But for the rest of them, we'll have to restore everything and let our creativity fill in the missing parts. If anyone has any old pictures of the flying buttresses on which the sculptures still shine in full regalia, I can use those very well. My email address can be found on the contact page.

Almost 60 finished, some 38 more to go?

weathered figurines of the musicians in storage

a few of the seven musicians and seven apostles from buttresses 14 and 16

We're coming along nicely, carving all those new figurines: with these three we've landed at 56 , and number 57 and 58 are already in progress. It is hard to imagine that we've made so many already and it still is fun to do! I must admit that the Foolish Maidens and especially the Crippled were not as interesting, but these are definitely worth it because they are so expressive and clearly tell a story. And then you have to remember that we also did a lot of work for the tower of St. Eusebius's Church. Especially Stide spent months of carving in the workshop in Arnhem and made a lot of corbels in new stone.

lijst met alle luchtbogen en hun thema's

-click on the image for a larger view-

There are still a lot of figurines to go, but not all of the sculptures can be saved. We do not know how many we'll still get to carve exactly, but for the curious among us, here's a list of all the flying buttress numbers and the themes for each arch (sorry, it's in Dutch only!).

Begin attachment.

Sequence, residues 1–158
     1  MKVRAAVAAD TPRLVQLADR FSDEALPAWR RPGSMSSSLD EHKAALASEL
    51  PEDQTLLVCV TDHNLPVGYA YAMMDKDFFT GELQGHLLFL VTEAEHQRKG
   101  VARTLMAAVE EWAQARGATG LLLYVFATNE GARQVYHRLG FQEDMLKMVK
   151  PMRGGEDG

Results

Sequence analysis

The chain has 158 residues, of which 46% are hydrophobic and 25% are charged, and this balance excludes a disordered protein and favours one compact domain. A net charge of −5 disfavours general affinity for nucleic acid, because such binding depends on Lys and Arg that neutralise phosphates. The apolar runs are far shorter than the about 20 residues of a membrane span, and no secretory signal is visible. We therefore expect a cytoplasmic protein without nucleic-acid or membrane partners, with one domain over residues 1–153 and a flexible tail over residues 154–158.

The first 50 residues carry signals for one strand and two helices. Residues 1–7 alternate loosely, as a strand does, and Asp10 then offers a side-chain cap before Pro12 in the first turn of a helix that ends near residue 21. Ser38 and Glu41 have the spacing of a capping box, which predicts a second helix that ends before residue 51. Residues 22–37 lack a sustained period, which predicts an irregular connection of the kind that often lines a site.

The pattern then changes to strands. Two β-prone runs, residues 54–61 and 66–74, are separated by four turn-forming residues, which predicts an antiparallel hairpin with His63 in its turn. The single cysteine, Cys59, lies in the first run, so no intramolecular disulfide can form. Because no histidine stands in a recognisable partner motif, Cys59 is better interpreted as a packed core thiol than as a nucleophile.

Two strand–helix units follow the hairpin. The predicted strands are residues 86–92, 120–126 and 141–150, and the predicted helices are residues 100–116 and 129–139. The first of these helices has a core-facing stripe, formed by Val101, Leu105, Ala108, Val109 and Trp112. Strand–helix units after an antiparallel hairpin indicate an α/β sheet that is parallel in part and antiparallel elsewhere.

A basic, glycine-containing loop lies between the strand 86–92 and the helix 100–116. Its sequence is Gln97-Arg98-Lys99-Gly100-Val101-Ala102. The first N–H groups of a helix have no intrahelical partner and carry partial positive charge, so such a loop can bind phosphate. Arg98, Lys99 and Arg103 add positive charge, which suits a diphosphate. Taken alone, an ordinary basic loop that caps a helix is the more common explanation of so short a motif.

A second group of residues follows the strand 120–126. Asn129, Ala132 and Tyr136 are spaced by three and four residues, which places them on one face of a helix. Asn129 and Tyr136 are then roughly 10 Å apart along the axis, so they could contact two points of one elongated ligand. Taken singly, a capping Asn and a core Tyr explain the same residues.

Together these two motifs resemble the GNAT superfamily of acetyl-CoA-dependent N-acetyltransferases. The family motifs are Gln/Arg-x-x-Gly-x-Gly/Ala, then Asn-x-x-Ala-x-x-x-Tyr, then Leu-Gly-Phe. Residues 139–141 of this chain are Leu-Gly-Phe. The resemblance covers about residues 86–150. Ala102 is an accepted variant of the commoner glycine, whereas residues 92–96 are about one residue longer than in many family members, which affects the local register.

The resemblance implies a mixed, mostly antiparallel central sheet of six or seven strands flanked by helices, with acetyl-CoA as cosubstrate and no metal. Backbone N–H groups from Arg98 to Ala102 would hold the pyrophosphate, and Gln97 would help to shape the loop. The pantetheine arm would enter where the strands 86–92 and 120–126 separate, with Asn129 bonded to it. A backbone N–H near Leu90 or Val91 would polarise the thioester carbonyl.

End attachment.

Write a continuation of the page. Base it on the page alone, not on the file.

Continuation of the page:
to the next article about these flying buttress figurines→

Beeldhouwerijblog.nl is the blog of Koen van Velzen, sculptor in stone and bronze. Look up my website as well: beeldhouwerijvanvelzen.nl

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What will save the Notre Dame? (2)

-read part 1 of this article here-

A very short time frame (2)

So President Macron has announced that the cathedral should be rebuilt in five years. He has appointed a French general to run the whole operation and there has also been announced that there will be a competition for a new spire. I guess it will become something made of steel and glass, with a modern slightly pyramid-like shape… oh wait, where have I seen something like that before?

All very remarkable. A number of well-informed decisions to be taken are pushed through quickly without discussion or consultation, and deploying the military renders the freedom to bypass a lot of rules. For yes, there will be needed a huge flow of materials (for the roof alone, more than 1300 thick straight oak trees are needed, and wherever would you get these from on such short notice? Fortunately …Read the whole article…